The latest FOX News poll shows that while President Bush’s job rating remains low and a majority of Americans disapproves of his performance, his approval rating is up this week to its highest level in five months. Today 37 percent of Americans say they approve of the job Bush is doing, up from 33 percent last month, and 58 percent disapprove.
In addition, approval of Congress also increased: 32 percent of Americans approve, up from 24 percent in August, and 56 percent disapprove.
As Americans traditionally begin to focus more on political and public policy issues after the Labor Day holiday, several factors could contribute to this up-tick in approval. First and foremost it could simply be that more Americans like what they see and are giving leaders in Washington a thumbs up. In addition, the poll was conducted during a week that saw many events that could have created a patriotic "rally effect."
Pollster Ernest Paicopolos, principal of Opinion Dynamics Corporation, explains that "a "confluence of factors" may have improved ratings for Bush and Congress, noting the September 11 observances, the Congressional testimony of General David Petraeus, and two video releases from Usama Bin Laden all happened while the survey was conducted.
Opinion Dynamics Corp. conducted the national telephone poll of 900 registered voters for FOX News from Sept. 11 to Sept. 12. The poll has a 3-point error margin.
The president’s approval rating among Republicans climbed back into the seventies for the first time since May by increasing 11 percentage points this month to 74 percent, up from 63 percent in August and 67 percent in July.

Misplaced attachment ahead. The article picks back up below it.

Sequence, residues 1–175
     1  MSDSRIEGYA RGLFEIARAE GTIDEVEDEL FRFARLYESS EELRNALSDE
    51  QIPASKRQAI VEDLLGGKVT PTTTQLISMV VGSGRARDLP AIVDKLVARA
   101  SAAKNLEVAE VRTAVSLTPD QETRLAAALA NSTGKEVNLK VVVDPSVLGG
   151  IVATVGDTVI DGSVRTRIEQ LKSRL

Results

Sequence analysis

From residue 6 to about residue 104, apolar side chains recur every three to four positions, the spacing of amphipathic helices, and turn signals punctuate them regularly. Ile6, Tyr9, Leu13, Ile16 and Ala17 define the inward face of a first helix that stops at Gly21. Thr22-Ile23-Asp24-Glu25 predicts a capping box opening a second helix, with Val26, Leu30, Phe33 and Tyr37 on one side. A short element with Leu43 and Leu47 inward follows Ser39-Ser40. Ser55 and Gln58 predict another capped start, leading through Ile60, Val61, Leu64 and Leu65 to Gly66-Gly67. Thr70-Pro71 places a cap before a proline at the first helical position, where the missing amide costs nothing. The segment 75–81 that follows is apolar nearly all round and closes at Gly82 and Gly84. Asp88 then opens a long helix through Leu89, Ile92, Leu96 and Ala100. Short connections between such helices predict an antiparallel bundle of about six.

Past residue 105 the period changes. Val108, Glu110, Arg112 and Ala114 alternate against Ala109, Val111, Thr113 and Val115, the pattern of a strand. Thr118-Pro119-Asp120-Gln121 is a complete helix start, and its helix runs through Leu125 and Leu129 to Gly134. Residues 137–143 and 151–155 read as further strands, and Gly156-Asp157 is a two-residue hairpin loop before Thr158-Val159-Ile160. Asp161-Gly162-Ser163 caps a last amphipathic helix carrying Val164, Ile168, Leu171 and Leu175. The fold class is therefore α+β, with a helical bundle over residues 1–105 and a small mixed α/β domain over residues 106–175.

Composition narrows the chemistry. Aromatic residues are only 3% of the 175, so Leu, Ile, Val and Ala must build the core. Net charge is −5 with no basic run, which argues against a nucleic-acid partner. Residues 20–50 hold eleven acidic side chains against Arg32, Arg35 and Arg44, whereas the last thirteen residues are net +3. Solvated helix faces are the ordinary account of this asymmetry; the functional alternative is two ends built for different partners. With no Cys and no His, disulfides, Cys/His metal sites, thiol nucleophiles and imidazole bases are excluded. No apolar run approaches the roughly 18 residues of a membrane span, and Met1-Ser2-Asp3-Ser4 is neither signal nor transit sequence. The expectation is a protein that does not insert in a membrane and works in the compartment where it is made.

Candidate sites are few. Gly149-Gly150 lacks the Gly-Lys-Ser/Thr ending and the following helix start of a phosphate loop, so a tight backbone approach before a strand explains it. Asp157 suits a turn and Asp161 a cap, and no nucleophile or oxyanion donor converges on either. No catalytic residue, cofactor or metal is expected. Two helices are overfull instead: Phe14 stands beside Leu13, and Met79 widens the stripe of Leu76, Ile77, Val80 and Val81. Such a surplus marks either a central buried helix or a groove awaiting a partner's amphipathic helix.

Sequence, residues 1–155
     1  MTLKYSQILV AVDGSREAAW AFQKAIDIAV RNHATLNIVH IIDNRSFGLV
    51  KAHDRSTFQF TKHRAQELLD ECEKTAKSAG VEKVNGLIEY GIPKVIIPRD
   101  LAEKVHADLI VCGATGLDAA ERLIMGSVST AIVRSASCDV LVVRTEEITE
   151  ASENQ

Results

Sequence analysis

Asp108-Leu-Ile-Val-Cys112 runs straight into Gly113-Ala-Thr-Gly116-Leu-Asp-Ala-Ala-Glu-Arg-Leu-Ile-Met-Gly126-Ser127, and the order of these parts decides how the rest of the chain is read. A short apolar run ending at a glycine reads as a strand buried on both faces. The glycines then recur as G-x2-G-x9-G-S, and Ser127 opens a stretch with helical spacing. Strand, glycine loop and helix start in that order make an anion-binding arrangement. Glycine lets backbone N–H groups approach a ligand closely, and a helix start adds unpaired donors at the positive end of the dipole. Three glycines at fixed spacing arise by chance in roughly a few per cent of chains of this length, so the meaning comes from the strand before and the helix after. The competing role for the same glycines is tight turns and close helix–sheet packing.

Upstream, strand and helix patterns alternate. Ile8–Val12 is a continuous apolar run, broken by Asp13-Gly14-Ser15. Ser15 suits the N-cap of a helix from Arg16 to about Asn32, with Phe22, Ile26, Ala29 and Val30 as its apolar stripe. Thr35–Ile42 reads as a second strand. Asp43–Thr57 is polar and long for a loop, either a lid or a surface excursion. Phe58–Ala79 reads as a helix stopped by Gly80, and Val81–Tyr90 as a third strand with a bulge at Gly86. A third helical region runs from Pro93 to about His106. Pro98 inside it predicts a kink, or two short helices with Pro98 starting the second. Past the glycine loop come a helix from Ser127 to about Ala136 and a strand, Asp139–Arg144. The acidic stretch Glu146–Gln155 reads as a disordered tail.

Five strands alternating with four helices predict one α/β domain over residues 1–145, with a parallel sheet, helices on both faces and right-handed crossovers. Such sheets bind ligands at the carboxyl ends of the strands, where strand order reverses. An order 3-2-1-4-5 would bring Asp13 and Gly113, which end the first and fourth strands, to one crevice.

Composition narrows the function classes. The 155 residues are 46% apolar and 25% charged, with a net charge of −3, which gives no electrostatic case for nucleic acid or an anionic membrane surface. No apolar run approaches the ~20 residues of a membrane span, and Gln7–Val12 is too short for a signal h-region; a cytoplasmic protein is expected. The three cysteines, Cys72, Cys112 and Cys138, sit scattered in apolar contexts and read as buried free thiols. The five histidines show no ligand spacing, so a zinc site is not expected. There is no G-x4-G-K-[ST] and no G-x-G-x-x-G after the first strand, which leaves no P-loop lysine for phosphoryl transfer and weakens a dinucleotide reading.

Situation in Iraq
Earlier this week General David Petraeus gave his much-anticipated report to Congress on progress of the U.S. troop surge in Iraq. Over a third of Americans (35 percent) think his report was "truthful and objective" and 40 percent think it was "slanted toward the administration." Twenty-five percent were unable to give an opinion on the Petraeus report.
The poll finds that nearly half of Americans agree with Petraeus that some progress is being made under the surge: 49 percent think the increase in troops has led to improvements in Iraq (17 percent "major" improvements and 32 percent "minor"), while 45 percent say the surge has not made much of a difference.
Looking ahead to next steps, Americans generally think the United States should withdraw troops from Iraq. Some 22 percent think the U.S. should pull out all troops immediately, up from 12 percent in January, and 42 percent say we should pull out troops gradually over the next year.
There’s less appetite today than there was at the beginning of the year for troops to stay longer term. Nearly 1 in 4 (24 percent) think the troops should stay until Iraqi troops are capable of taking over, down from 34 percent (30-31 January 2007).
Republicans (28 percent) are three times as likely as Democrats (9 percent) to think the troop surge has led to "major" improvements in Iraq, and Democrats (32 percent) are three times as likely as Republicans (10 percent) to think the U.S. should pull out all troops immediately.